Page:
Beware the flying soapsuds in site-specific play
Sidemart presents Morris Panych’s award-winning Canadian drama, The Dishwashers, in a dank basement
What’s a nice Canadian play like The Dishwashers doing in a dark basement under a wine bar? Montreal playgoers are about to find out as Sidemart company’s production of Morris Panych’s kitchensink drama opens tomorrow to launch the new season with a most timely reminder – theatre is not merely a building, but an idea carried about by motley characters in perpetual chase after dramatic space.
That’s why the Montreal premiere of The Dishwashers, first staged in February 2005 by Vancouver’s Arts Club Theatre under its author’s direction, has ended up under BU: Bar-à-Vin, a popular watering hole on the upper Main.
It’s “a dank and dreary place,” according to director Andrew Shaver, who at age 30 is among the new cadre of dedicated, well-trained stage artists changing the way Montreal’s English-language theatre operates and regards itself.
Dank and dreary happens to be perfect for Panych’s modernist drama about pearl divers (plongeurs) toiling in what the stage directions call “the cellar of a restaurant.” The lowly toil over “piles of dishes impressively high,” Panych’s directions continue. “To one side a dumb waiter, bringing more dishes. Other washing equipment; sprayers, scrub brushes etc.”
“The venue exists within the reality of the play,” said Shaver who has done this sort of “environmental theatre” before. Sidemart entered the buzzing Montreal indie scene last December with an acclaimed production of David Mamet’s American Buffalo. Directed by Shaver, it literally blew the doors off Mainline Theatre. Playgoers became complicit in the drama as soon they hit the pungent back alley they were required to navigate in order to enter the reconfigured space via Mainline’s back door.
Shaver fondly remembers the illusion created by the back-door gambit. “One person told me afterwards, ‘I didn’t know you could do a play in a junk shop,’ ” he said. “Guess he has never been to a play at Mainline before.”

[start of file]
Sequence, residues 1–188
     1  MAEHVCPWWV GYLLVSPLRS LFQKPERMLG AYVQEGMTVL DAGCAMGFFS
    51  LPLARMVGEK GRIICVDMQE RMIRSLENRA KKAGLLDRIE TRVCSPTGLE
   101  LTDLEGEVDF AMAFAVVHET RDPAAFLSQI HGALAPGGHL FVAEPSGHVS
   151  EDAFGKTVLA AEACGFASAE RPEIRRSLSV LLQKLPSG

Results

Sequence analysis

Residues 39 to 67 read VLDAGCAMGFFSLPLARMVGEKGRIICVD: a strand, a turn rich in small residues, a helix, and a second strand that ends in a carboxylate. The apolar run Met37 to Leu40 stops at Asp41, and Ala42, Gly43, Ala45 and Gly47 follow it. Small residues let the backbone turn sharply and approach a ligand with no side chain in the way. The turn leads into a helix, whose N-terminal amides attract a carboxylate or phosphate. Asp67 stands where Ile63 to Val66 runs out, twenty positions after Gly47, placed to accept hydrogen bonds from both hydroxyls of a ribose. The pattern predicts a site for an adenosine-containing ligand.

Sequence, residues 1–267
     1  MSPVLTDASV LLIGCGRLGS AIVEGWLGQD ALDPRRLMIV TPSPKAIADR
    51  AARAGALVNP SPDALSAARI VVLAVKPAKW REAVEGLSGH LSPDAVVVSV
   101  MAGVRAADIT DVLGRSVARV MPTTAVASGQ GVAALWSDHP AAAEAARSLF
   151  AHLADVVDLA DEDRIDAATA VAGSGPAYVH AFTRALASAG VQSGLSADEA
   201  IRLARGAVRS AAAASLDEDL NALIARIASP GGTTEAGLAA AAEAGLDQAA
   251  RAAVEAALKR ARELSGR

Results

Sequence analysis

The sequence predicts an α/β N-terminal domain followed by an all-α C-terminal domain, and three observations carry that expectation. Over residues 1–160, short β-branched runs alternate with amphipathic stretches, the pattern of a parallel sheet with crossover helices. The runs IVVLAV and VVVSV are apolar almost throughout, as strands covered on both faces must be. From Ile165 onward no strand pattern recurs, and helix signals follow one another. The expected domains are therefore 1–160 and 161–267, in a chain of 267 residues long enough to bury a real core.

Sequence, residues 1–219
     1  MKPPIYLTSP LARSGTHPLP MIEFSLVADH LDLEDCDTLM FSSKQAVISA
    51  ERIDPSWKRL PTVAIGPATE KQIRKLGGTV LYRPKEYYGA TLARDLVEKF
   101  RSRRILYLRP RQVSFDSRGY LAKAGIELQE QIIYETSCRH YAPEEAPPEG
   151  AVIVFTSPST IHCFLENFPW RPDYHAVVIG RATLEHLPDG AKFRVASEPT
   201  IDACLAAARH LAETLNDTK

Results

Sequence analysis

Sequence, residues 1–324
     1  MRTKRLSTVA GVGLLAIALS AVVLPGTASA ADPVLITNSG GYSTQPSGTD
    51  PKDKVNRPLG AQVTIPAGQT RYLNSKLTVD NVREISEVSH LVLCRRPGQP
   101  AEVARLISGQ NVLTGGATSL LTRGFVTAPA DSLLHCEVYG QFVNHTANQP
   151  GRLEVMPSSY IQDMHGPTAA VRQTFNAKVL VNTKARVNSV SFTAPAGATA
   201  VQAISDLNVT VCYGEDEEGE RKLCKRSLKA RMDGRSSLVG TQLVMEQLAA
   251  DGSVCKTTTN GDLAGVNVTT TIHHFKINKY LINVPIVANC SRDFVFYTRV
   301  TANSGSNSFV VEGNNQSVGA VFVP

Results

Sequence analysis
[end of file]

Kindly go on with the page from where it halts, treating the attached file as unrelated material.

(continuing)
The Dishwashers’ design team has found a professional dishwashing unit with a working power-spray hose but Shaver admitted that the dumb waiter had him puzzled until they came up with an ingenious solution to this particular challenge of “site-specific” theatre.
“For a while we thought of having a silent actor, Graham Cuthbertson, play the ‘dumb waiter,’ but the concept wasn’t right.”
Inexplicably, putting on a Canadian play continues to be seen as a huge risk in anglo theatre, but Sidemart’s daring and innovation don’t stop at choosing Panych. “Intimate theatre” is also viewed as unaffordable in mainstream circles, so Sidemart is breaking another taboo by putting The Dishwashers in a hyperealistic space barely large enough to accommodate 25 playgoers plus four hotshot actors with their tech crew.
In-your-face theatre? The basement audience will not only be able to see the “spackle,” it might have to duck flying soapsuds.
“Spackle is the Achilles tendon of dishwashing,” according to Dressler, the play’s philosophical lifer played by Alain Goulem. Only the hot sprayer will remove spackle, Dressler instructs his ideological foil, Emmett, a.k.a. the New Guy, played by Patrick Costello. “Spackle. Know what I’m talking about? Stuff that hardens on the plate. Tomato coulis, béchamel, pesto ... Parmesan. Get to know your enemy.”
Also in the cast, Chip Chuipka as Moss, a Pinteresque old man, and Kyle Gatehouse as Burroughs, the next “New Guy” for Dressler to tyrannize.
Sidemart, (the company’s full name is Sidemart Theatrical Grocery) will put on two more productions this season as the second-stage resident company at the refurbished Segal Centre for the Performing Arts.
Sidemart will inaugurate the Cen- tre’s new Studio theatre Dec. 2-16 when Dubliner Bryan Quinn directs Trad, a new Irish play about an unusual father-son relationship by Mark Doherty. Shaver will join Costello and Cuthbertson in the cast.
The latter is writing the stage adaptation for the company’s final offering of the season, next May, The Haunted Hillbilly, “a shocking and macabre re-imagining of both the life of Hank Williams Sr. and the modern musical,” based on a novella by Toronto’s Derek McCormack. staging of one of the most controversial plays of the past decade – My Name is Rachel Corrie, Dec. 6-22 at Monument National.
Corrie was a young American Jewish woman who joined a peace movement in Gaza committed to using non-violent but direct action to resist the Israeli occupation. She was crushed to death in 2003 trying to stop an Israeli bulldozer about to demolish a Palestinian home. The play, based on entries from Corrie’s diary and her emails home, was written by actor Alan Rickman and journalist Katharine Viner. It was originally staged in 2005 at London’s Royal Court Theatre.
Hailed by the Palestinians as a hero and a Jewish angel of peace, Corrie was described by the Israeli government as an irresponsible pro- tester inviting death in a combat zone.
Toronto’s CanStage, which planned to put on the play as part of its 2007-08 season, cancelled it late last year, attracting the attention of Internet “Zionist conspiracy” theorists and concern about the exercise of political power by theatre board members seeking to control repertoire.
In 2005, the New York Theatre Workshop, yielding to pressure from its board, dropped plans to produce the play, a decision that prompted charges of censorship from Rickman.